In this case, President Obama is in trouble, in Neustadtian terms, because of his falling overall level of public approval and because of congressional views that he is indecisive, uncertain, not tough, and not very skilled at using presidential tools.

While the public relations blitz is on for the Syria policy, it remains to be seen whether it can actually "persuade" enough members of Congress.

Friday, September 6, 2013

Woodrow Wilson reconsidered

As readers here know, I've been changing my mind a lot lately about some historical questions. A review article by Jill Lepore in the latest New Yorker [sorry, gated] reminds me why my views on Woodrow Wilson have become increasingly negative in recent years.

When I first started reading history, I saw him as a tragic figure, cut down by a stroke while trying to win the fight for the League of Nations. As a budding internationalist, I saw American isolationism after World War I as a dangerous error and I thought the UN was the precursor of a more peaceful world. The fact that he was the only President with a PhD earned him extra points in my estimation. So what's wrong with youthful idealism?

The more I have studied his presidency, however, the more flaws I see in Wilson. He probably could have won the Versailles Treaty fight if he hadn't been so stubborn. His interventions in Latin America were excessive and for the wrong reasons -- "to teach them to elect good men." The ways his wife hid his illnesses from Congress, the cabinet, and the public were indefensible and contrary to what we now see as the proper constitutional order. And he was an active racist, demanding the re-segregation of the federal government and the District of Columbia.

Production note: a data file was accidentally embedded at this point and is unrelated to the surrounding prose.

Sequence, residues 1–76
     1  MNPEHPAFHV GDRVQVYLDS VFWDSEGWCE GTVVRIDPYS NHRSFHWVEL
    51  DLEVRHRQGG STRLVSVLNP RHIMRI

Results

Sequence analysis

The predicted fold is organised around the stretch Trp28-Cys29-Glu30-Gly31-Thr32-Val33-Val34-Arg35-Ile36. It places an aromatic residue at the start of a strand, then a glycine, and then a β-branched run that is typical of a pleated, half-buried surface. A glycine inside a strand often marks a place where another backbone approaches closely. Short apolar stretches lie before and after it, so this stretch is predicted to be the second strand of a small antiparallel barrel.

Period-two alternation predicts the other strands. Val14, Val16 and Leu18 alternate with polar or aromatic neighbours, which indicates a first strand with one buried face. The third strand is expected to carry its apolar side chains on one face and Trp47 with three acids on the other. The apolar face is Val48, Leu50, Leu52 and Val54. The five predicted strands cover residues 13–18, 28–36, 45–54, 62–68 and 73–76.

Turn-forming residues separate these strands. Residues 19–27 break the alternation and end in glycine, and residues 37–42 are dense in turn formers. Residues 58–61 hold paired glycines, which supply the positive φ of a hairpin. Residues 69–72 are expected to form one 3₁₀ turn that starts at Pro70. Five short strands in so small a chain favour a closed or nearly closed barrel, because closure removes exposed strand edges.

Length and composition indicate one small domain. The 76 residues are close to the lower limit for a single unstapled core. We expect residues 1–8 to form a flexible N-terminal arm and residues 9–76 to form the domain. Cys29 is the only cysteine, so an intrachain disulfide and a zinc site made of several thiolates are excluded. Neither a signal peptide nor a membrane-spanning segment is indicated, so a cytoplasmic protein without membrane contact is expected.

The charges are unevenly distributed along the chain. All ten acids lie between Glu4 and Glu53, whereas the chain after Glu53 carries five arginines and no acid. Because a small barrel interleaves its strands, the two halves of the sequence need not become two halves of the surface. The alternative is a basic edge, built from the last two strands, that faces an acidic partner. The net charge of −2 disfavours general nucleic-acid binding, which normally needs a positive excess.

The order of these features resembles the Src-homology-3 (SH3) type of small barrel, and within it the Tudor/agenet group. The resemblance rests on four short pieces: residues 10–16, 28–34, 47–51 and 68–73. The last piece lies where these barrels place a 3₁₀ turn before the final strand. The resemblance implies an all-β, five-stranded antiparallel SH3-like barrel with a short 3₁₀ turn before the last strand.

His record on domestic legislation is much more commendable and durable. [I'm not one of those who laments creation of the Fed and passage of a progressive income tax.]

The New Yorker piece does have one fact that I hadn't known before: in the 1916 election, where his main campaign slogan was "He Kept Us Out of War," his narrow Electoral College victory, 277-254, was probably determined by his winning 10 of the 12 states which had already granted women the right to vote.

the peril of 51-49 decisions